Architecture in Beowulf, which can loosely be described as any structure that is made by man rather than nature, has several emblematic meanings. First, architecture—most often represented by mead-halls—is a ruler's seat of power and is synonymous with a leader's throne room, that is, his right to rule.
Second, it represents mankind's control over a generally hostile nature: the "fens and fastness" in which Grendel and his mother live, the hostile sea in which Beowulf and Breca fight sea snakes, and the barrow in which the dragon lives and in which Beowulf is mortally wounded. For example, even though Grendel and his mother are able to penetrate Heorot, the hall of the red deer, the hall itself is still standing after their onslaughts—proof that the architecture of man can withstand whatever evil nature creates.
The importance of architecture as a ruler's seat of power is made explicit at the beginning of the poem:
Often Scyld Sheaf-child scattered his enemies,
captured their mead-halls and cowed their leaders. (2.4–5)
Because the mead-hall represents a warrior-king's center of power, its destruction or occupation by a victor is the ultimate sign that a new warrior-king has taken control of the tribe and its lands. In a culture in which tribal strife is endemic, the mead-hall is both a stronghold and a liability: it is built to be defensible, but it is also an important target for an enemy because of what it represents.
It is commonplace for cultures to think of their architecture as symbols of power—consider the Eiffel Tower, the Arc de Triomphe, the Brandenburg Gate, the Sphinx, the Coliseum—and the Scandinavians and Anglo-Saxons have their (albeit) more humble mead-halls as their symbol of power over other tribes as well as a defense against hostile nature.
That the mead-hall is the ultimate symbol of power in the Scandinavian/Anglo-Saxon belief system, whether pagan or Christian, becomes quite clear when the poet describes Hrothgar's great mead-hall, Heorot:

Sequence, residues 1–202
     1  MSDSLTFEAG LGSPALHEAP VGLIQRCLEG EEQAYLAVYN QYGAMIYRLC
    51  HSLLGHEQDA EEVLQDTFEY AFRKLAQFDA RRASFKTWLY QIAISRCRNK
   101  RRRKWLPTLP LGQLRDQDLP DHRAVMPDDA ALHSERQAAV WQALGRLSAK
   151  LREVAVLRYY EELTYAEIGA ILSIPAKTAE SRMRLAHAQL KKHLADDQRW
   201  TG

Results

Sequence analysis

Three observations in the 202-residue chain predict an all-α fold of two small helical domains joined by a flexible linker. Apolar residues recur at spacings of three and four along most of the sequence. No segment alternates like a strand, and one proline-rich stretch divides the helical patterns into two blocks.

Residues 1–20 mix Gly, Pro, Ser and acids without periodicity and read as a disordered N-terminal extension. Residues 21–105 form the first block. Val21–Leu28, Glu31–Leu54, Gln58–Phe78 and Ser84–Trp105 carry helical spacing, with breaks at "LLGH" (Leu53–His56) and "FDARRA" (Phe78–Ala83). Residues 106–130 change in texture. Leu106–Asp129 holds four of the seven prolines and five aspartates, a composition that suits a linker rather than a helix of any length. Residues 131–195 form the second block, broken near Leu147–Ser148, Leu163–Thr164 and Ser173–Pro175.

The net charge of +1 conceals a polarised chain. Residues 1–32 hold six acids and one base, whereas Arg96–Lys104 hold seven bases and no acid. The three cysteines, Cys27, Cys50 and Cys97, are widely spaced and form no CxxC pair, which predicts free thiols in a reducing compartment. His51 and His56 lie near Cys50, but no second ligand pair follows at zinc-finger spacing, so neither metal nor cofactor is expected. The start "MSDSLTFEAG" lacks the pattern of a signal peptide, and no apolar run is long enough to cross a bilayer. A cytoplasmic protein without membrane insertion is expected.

...To his mind it occurred
that he would have a longhouse raised,
a greater mead-hall made by men
than any man-child ever had heard of. (2.67–70)
Significantly, the poet focuses on two important elements of Heorot: it is "made by men," not nature, and it is the best that men have "heard of"—a hall befitting a king, Hrothgar, and the people he leads.
A mead-hall, however, is just a building until it becomes, in the world of Beowulf, the center of the community and, more important, the distribution point of wealth for Hrothgar's men:
He [Hrothgar] broke not his vow,
but dealt out rings and treasure at feasts. The hall towered high and horn-gabled. (2.81–82)
This piece of architecture is central to the Scandinavian/Anglo-Saxon feudal system, which begins with the warrior-king distributing wealth to his loyal retainers, with the best warriors receiving the greatest share of captured valuables from their latest fight with another tribe. In a warrior society, loyalty is valued as highly as gold, and this loyalty is created on the battlefield and in the mead-hall.
The significance of the mead-hall as a permanent and powerful fixture on the landscape is made clear when, after Beowulf's struggle with Grendel, in which Grendel has his arm and shoulder severed by Beowulf, we read:
That was a clear token,
after the warrior [Beowulf] laid down the hand,
arm and shoulder: there in one piece
was Grendel's grasp, under the great roof. (2.833–836)
It is altogether fitting that the emblem of Beowulf's victory over the monster who plagues Hrothgar's mead-hall is displayed under the gabled roof of Heorot—a triumph of mankind and his architecture over evil.